Indie Wonderland: Frost

I discovered early last year that, for reasons I’m not 100% on, I really enjoy deckbuilding games. Dominion, Ascension, you might know the genre. And long-running site fans may remember the Star Realms diaries, a series of videos that saw me and Ranneko face off in White Wizard Games‘ first and most successful deckbuilding outing. I still play Star Realms on the regular, in fact — come challenge me if you have no-one better to fight!

So you can imagine that when I ran across Le Studio des TénèbresFrost on a routine Steam dive, my interest was piqued immediately. A deck-building game with (seemingly) the same ‘central row’ mechanic that Star Realms and Ascension use? Except it’s single-player-focused, and themed around desperate survival in a desolate arctic hellscape? Yeah, I’m pretty much down with that. Let’s see how long I can stave off freezing to death!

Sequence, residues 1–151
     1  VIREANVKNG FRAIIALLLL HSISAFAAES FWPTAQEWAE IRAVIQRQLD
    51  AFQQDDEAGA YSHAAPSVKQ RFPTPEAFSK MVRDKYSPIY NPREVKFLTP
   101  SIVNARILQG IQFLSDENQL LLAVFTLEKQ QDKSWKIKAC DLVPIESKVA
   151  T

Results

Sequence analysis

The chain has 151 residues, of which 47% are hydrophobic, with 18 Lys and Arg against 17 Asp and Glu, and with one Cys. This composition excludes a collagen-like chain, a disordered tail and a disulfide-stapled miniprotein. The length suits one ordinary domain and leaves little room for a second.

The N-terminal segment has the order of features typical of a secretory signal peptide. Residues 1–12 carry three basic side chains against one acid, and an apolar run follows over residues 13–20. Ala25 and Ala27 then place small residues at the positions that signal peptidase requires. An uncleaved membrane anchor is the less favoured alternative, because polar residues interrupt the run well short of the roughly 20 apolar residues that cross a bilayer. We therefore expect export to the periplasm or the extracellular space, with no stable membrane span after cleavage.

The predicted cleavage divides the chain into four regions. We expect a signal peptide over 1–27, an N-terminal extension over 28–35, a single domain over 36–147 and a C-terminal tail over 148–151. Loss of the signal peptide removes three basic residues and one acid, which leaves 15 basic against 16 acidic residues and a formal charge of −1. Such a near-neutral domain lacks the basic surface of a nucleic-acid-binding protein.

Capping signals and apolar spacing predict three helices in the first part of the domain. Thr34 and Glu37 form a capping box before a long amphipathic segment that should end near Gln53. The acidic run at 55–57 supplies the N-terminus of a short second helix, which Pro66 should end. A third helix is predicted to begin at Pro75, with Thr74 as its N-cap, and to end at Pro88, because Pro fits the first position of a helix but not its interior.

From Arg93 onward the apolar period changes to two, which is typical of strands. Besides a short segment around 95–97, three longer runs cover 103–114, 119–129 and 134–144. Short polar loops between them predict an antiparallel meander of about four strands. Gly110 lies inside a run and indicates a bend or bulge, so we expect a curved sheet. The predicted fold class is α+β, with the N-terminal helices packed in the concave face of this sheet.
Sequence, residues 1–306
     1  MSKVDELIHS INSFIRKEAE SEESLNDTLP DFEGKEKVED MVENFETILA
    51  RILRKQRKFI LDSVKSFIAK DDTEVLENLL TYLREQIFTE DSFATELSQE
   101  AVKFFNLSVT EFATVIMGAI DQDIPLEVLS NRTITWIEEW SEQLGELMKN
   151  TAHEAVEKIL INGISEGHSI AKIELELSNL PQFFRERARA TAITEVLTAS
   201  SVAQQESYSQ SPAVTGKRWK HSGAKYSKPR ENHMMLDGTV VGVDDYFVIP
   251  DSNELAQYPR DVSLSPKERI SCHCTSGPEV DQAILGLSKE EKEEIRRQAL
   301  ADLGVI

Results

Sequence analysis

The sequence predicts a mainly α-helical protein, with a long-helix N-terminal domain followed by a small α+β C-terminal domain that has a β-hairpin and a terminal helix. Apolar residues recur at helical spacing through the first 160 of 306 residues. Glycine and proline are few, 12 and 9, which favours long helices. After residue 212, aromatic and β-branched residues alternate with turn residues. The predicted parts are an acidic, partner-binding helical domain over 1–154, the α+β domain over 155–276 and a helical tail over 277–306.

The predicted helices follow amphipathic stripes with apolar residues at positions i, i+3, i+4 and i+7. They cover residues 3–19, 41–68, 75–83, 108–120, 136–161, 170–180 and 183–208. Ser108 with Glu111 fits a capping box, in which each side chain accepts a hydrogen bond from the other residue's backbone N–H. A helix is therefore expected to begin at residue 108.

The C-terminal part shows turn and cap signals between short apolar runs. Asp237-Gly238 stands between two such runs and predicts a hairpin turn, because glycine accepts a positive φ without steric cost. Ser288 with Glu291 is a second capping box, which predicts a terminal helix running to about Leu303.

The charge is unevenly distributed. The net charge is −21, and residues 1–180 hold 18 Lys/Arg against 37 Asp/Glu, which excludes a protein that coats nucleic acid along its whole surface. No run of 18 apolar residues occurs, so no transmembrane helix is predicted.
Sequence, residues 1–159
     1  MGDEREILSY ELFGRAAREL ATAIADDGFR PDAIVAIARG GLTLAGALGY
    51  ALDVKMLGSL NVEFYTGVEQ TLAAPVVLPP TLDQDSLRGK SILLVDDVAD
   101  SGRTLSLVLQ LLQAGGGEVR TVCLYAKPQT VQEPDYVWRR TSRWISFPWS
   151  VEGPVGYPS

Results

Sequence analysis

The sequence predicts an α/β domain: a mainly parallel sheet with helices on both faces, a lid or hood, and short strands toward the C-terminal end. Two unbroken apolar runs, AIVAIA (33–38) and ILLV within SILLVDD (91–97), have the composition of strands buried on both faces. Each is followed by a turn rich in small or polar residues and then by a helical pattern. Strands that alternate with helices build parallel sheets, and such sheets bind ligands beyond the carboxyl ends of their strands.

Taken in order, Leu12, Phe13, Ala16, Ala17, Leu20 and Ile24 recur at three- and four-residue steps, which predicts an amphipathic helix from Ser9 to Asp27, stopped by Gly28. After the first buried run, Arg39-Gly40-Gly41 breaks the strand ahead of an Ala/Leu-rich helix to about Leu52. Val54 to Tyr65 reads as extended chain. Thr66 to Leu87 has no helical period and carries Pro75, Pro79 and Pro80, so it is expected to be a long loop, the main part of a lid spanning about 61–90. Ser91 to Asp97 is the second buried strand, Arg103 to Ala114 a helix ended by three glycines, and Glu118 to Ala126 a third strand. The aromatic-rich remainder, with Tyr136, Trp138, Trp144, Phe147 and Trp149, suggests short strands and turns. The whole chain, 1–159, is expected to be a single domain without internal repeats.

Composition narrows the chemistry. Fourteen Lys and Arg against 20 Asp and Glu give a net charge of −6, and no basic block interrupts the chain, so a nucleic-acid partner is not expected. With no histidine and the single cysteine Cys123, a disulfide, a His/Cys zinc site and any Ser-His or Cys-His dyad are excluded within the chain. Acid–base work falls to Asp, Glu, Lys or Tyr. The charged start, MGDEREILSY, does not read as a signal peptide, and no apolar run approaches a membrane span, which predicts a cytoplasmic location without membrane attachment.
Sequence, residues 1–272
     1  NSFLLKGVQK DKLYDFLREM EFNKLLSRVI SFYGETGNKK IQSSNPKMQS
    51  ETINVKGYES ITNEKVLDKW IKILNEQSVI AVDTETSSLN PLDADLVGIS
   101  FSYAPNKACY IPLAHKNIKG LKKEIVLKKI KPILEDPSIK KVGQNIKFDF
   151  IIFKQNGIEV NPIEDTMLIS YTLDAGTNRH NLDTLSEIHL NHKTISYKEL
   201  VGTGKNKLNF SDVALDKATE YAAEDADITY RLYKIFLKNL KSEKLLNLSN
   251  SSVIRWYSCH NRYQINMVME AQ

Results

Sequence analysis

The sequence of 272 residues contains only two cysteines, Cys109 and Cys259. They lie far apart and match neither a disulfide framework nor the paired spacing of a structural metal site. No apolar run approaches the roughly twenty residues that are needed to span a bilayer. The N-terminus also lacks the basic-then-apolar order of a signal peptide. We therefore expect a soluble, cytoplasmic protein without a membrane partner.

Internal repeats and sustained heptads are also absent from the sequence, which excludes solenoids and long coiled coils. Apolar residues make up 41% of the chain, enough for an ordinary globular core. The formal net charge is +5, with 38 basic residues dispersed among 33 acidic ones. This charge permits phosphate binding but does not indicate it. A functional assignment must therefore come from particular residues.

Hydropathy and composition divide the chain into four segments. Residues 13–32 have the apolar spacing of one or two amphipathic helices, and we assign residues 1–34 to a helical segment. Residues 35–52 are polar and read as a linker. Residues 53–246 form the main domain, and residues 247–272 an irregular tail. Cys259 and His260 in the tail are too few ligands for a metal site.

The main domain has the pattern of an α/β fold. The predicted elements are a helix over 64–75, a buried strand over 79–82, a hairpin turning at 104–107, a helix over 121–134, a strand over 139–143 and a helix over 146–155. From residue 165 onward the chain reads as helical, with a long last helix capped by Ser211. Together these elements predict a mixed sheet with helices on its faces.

(Spoiler levels: Narrative, not really a factor. Mechanical, medium high.)

(Game source: Patreon funds.)

Opening

Frost‘s aesthetic is very, er, white.

A game about cold and ice is predominantly white? Colour me shocked, I guess.

Frost wastes little time setting the mood. The title screen is the blinding white of a sun-covered snowfield. Snowflakes flurry past as visibility bobs up and down. And the background music track is the low droning howling of the wind, intercut every now and again with rhythmic deep breathing. Welcome to the arctic, player. Hope you brought your mittens.

Resources are scarce in the frozen tundra. This is cleverly reflected in the game’s options, which are also scarce.

This is it.

And of the remaining four on-screen buttons, one exits the game. One (‘Scenarios’) is a slightly-greyer blue, indicating it’s disabled. And the final two both start the game… the difference is that one button overtly offers to teach me to play the game, while the other one mostly offers inept, frost-bitten death. So I guess I know which one I’m going for first.

(It’s the one with the doofy face.)